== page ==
Top 10 Coldest Daily February Highs

1. 1899: -7
2. 1895: -2
3. 1912, 1951: 4
4. 1933, 1996: 6
5. 1885, 1886, 1905, 1917: 7
6. 1896, 1903, 1965, 1988, 1993: 9
7. 1904, 1963, 1971: 10
8. 1958, 1979: 11
9. 1889, 1902, 1918, 1920, 1934, 1936, 1943, 1947, 1982, 2007: 12
10. 1881, 1914, 1977, 1978, 1981, 1995: 13

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*For the graph above, the 2010s include 2010 to 2012 and the 1870s include 1879 only.

Top 10 Coldest Daily February Lows

1. 1899: -20
2. 1951, 1977: -13
3. 1885, 1963: -11
4. 1918, 1948, 1985: -10
5. 1895, 1905, 1917, 1934: -8
6. 1900, 1912, 1936, 1965, 1979, 1982: -7
7. 1933, 1972: -6
8. 1886, 1898, 1904, 1978: -5
9. 1902: -4
10. 1906, 1958, 1995, 1996: -3

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*For the graph above, the 2010s include 2010 to 2012 and the 1870s include 1879 only.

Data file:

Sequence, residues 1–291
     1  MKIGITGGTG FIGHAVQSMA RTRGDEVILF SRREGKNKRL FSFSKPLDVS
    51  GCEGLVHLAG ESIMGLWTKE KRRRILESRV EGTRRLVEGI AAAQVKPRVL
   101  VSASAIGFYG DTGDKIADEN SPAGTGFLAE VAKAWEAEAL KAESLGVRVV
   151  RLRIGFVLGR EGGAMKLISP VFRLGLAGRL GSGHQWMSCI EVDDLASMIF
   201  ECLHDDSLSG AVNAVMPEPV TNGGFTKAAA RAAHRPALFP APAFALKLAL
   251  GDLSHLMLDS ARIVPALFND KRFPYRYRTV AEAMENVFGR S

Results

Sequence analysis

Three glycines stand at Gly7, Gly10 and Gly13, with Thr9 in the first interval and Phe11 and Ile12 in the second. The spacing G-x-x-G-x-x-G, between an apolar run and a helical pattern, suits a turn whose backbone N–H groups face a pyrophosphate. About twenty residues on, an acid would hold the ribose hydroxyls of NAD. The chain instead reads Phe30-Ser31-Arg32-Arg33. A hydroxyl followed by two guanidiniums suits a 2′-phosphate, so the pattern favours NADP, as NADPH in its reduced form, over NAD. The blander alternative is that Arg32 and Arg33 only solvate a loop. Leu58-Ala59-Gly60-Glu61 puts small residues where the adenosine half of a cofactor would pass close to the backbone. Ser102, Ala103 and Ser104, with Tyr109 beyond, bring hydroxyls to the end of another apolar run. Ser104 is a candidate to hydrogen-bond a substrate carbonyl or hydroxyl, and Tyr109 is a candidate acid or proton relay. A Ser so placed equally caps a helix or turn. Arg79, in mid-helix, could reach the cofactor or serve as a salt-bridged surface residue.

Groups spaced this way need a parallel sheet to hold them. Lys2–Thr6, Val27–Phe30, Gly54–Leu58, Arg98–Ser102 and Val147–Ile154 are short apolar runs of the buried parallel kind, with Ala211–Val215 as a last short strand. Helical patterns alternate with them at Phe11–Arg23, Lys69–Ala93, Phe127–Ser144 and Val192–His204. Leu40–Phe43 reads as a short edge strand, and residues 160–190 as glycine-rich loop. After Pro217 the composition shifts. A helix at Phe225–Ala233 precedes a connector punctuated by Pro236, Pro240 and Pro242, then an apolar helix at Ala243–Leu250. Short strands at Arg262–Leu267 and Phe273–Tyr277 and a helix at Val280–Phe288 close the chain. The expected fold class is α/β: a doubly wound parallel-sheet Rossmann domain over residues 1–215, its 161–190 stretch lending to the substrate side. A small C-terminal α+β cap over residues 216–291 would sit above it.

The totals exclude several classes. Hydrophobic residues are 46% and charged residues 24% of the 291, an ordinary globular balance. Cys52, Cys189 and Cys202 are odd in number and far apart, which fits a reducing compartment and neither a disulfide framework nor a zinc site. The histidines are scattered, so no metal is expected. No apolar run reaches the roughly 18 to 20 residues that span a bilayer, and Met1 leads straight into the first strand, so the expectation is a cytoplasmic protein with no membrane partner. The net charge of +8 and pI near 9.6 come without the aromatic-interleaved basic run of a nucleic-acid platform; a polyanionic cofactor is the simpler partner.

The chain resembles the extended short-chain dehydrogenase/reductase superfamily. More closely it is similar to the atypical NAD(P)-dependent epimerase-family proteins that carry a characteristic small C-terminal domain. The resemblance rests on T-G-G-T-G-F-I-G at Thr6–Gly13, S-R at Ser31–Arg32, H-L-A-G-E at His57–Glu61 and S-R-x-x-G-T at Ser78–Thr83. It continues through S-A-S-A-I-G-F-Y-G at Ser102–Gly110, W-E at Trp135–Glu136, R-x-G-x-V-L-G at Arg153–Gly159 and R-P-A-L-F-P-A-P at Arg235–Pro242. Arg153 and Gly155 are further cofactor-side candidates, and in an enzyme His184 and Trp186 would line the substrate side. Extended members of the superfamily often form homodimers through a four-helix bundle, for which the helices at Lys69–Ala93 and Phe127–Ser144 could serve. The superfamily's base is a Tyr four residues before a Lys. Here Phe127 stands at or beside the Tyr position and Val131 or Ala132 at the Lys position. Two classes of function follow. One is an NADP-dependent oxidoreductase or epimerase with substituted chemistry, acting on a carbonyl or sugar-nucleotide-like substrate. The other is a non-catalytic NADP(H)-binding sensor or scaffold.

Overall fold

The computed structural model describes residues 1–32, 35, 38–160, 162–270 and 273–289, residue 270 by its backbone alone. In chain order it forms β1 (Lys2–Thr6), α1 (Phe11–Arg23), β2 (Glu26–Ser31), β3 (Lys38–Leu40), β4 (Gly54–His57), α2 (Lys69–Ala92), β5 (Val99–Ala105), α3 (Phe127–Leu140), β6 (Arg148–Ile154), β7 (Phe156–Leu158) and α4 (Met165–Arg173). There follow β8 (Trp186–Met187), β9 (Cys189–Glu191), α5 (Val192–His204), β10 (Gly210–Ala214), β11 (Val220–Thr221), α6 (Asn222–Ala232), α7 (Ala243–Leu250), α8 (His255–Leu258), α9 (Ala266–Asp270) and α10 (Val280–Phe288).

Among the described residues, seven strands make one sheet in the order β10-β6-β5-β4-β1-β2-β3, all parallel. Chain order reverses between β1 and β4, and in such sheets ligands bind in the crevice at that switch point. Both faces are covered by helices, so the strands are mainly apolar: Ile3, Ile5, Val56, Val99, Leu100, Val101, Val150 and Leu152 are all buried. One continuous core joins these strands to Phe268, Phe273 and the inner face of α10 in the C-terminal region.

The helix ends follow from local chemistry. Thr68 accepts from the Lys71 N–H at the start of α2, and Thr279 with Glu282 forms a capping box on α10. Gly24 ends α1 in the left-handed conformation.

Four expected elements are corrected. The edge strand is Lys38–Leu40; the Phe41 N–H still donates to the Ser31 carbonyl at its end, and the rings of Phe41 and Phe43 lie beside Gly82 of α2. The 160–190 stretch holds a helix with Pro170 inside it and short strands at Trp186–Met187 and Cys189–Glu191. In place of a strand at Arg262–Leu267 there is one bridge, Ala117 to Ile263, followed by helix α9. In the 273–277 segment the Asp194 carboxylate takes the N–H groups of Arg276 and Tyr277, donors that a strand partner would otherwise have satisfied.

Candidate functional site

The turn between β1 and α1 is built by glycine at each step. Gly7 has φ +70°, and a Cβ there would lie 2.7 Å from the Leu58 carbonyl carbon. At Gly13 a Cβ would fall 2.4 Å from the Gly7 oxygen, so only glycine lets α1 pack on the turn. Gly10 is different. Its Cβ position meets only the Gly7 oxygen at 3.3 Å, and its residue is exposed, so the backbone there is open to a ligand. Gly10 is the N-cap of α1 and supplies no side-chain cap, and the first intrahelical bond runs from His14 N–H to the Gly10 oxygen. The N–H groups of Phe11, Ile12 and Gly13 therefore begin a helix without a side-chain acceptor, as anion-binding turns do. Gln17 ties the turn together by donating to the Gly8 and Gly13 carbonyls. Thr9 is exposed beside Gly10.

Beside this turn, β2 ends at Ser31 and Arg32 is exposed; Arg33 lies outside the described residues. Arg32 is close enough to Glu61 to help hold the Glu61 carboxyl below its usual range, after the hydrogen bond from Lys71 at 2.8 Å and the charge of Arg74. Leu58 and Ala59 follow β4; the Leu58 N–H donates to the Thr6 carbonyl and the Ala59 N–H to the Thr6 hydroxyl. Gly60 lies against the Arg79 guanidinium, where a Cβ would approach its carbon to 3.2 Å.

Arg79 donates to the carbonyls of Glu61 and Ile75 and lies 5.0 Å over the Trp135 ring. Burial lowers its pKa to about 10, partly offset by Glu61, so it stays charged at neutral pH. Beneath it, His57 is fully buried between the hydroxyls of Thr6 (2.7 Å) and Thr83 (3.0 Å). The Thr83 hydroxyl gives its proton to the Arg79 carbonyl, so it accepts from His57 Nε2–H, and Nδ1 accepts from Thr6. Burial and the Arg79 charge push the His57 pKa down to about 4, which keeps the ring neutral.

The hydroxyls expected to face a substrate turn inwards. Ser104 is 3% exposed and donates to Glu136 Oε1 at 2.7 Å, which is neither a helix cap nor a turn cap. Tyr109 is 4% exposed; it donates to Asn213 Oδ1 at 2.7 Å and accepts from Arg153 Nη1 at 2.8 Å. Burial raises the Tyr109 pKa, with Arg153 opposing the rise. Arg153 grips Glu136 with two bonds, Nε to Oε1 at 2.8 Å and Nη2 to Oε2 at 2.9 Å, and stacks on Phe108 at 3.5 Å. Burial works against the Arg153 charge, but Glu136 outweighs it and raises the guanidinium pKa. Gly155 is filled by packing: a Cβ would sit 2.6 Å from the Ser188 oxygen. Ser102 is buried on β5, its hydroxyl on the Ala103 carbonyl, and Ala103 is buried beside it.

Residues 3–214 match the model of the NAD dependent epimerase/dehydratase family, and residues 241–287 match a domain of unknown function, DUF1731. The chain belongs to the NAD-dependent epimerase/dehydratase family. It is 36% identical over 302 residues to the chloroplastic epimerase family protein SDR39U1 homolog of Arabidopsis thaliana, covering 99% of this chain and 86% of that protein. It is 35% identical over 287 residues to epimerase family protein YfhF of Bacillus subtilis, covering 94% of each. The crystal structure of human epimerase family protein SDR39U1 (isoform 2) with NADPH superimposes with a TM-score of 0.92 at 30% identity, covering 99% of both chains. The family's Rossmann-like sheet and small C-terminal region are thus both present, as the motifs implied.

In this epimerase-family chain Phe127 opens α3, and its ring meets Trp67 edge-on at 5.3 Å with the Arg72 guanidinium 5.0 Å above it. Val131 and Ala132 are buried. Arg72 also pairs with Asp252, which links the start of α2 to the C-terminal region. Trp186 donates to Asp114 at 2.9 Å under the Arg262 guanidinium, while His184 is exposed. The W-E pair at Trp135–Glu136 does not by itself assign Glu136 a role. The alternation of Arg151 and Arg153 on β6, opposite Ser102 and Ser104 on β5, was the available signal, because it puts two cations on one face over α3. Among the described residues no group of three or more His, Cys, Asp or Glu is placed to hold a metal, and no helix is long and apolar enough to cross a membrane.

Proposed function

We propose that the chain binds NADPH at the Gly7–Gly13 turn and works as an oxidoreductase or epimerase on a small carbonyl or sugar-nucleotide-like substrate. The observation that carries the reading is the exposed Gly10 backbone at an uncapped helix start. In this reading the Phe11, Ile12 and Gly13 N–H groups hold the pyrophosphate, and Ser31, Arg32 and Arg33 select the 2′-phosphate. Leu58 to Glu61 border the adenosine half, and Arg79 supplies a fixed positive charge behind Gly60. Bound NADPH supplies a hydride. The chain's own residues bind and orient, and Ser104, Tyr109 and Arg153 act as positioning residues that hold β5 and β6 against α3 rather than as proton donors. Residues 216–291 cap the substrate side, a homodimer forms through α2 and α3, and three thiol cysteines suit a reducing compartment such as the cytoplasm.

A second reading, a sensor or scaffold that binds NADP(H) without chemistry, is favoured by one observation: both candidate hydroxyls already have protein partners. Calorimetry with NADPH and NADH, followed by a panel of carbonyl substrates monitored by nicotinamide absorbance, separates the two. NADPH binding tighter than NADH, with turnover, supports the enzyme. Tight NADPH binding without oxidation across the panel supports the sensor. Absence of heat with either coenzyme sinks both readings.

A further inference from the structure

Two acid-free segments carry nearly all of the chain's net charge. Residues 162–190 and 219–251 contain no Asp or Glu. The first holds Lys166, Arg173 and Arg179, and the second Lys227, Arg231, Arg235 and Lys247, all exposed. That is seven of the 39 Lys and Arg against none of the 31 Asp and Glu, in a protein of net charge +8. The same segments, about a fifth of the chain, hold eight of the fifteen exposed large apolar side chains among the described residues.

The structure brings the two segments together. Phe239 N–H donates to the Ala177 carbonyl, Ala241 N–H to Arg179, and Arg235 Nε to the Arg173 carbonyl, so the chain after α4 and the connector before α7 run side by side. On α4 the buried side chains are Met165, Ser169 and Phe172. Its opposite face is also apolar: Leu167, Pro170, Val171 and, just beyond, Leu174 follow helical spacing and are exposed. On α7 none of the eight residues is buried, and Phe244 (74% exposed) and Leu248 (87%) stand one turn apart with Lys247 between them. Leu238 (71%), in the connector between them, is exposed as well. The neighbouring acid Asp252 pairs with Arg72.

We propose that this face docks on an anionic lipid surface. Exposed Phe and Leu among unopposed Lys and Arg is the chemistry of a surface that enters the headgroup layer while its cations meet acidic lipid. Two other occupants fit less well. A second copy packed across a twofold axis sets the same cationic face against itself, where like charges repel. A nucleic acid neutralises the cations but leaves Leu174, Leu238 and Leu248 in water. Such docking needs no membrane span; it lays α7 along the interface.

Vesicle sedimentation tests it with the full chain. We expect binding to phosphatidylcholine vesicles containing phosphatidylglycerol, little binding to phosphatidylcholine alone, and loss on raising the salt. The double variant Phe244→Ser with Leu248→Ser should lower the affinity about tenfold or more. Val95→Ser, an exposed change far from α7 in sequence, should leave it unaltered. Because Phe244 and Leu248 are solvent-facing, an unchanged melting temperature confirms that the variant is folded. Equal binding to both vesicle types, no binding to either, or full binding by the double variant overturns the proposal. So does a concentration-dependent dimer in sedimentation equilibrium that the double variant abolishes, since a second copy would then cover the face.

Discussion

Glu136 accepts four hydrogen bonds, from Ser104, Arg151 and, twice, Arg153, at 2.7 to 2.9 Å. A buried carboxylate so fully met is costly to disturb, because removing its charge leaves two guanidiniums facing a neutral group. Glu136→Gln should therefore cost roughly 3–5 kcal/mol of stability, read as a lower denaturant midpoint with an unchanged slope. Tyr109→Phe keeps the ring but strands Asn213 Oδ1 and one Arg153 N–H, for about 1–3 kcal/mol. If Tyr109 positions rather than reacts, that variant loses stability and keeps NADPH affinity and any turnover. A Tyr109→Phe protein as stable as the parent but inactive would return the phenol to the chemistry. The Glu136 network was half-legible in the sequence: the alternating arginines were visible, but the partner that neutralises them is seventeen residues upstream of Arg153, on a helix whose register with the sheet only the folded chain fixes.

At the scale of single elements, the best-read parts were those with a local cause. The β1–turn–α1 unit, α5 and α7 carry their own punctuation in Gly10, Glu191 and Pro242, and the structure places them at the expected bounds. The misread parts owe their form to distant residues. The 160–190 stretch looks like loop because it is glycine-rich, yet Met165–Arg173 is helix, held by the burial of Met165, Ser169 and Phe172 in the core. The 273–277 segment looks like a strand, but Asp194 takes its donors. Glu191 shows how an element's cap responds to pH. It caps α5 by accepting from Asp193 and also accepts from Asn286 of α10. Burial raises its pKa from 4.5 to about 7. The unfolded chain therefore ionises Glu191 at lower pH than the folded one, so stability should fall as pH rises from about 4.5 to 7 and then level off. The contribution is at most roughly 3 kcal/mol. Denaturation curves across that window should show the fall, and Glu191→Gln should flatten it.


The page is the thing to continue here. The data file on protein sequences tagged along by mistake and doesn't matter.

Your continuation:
Top 5 Februarys with Most 32 or Below Highs

1. 1978: 26
2. 1979: 19
3. 1902, 2007: 18
4. 1901, 1980: 17
5. 1895, 1904, 1936, 1947: 16

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*For the graph above, the 2010s include 2010 to 2012 and the 1870s include 1879 only.

Top 5 Februarys with Most 32 or Below Lows

1. 1901, 1916, 1934, 1963, 1968, 1972, 1978: 28
2. 1885, 1905, 1914, 1920, 1947, 1964, 1970, 1988, 2004, 2010: 27
3. 1879, 1895, 1904, 1907, 1910, 1917, 1924, 1936, 1960, 1962, 1967, 1969, 1979, 1993, 2003, 2007: 26
4. 1889, 1900, 1908, 1912, 1913, 1935, 1941, 1974, 1980, 1995: 25
5. 1902, 1923, 1928, 1937, 1942, 1948, 1952, 1955, 1959, 1977, 1994, 2006, 2008: 24

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*For the graph above, the 2010s include 2010 to 2012 and the 1870s include 1879 only.

February Heat

Top 20 Warmest February Means

1. 1882: 41.8
2. 1890: 40.6
3. 1998: 40.5
4. 1930: 40.4
5. 1932: 39.6
6. 1880: 38.8